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Distracted Employees And Internet Access

An article in The New Yorker considers whether it is more beneficial for companies to allow or restrict access to the web.

Emma Hutchings
Emma Hutchings on April 8, 2011.

James Surowiecki’s article in The New Yorker questions whether companies that restrict their employees access to the web actually have a detrimental effect on their productivity.

Over half of all companies block access to social networking sites like Facebook and Twitter. Although this might seem reasonable, Surowiecki points to research that has found that strictly enforcing a ‘no web-browsing’ rule on people who usually spend large amounts of their time on the Internet can have a negative effect on their focus and motivation. Spending a large amount of energy trying to curb the temptation to update your profile or send a quick tweet means you are less effective completing that important spreadsheet or being courteous to potential customers.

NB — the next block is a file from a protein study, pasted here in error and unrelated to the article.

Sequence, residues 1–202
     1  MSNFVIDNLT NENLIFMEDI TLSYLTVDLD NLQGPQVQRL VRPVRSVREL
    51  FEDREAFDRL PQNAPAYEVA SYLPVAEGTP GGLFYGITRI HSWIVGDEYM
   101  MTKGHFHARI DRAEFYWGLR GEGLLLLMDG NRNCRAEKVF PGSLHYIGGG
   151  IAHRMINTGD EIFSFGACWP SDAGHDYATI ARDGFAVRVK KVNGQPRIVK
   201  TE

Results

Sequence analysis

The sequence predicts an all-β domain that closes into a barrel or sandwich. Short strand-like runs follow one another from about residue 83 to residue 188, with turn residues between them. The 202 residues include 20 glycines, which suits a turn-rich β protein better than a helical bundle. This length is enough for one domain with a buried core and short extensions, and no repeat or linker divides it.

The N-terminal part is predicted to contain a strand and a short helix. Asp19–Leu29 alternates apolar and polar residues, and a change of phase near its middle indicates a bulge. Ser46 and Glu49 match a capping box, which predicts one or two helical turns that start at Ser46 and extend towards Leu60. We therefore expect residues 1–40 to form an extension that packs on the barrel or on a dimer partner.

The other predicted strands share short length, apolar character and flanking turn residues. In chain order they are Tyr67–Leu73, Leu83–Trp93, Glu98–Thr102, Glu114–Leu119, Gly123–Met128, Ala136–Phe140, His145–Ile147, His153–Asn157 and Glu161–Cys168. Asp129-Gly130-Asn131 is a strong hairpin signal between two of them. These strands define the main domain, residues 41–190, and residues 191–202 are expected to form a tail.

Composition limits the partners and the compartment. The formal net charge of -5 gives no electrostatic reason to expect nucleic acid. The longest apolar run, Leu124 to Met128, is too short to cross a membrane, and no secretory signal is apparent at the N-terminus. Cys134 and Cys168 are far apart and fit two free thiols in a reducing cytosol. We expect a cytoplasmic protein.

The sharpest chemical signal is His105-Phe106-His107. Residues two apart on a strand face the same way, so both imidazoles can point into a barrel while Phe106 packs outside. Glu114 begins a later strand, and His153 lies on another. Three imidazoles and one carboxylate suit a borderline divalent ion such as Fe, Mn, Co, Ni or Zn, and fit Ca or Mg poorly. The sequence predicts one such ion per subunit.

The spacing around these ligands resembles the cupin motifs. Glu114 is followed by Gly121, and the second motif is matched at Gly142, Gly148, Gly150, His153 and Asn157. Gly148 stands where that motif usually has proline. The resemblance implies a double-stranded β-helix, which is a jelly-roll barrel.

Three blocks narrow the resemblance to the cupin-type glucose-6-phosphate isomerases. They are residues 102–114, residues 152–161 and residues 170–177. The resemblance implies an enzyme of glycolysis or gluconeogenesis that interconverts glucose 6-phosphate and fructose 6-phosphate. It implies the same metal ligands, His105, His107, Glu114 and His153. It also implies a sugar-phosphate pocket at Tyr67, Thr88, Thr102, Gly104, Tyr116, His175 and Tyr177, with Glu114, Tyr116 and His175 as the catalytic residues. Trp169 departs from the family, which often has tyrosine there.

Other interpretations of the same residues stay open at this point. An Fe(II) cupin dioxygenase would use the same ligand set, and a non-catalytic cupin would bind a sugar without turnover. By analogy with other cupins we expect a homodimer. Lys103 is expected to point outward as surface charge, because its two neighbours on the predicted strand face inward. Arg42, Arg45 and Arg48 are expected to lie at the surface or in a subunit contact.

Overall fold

Instead of stamping out web access completely and creating a tyrannical workplace environment, many sources suggest implementing ‘Internet breaks’, much like a coffee or cigarette break, allowing workers to spend a few allotted minutes  online throughout the day.

The New Yorker: “March Madness and the Cost of Distraction”

[via Readwriteweb]

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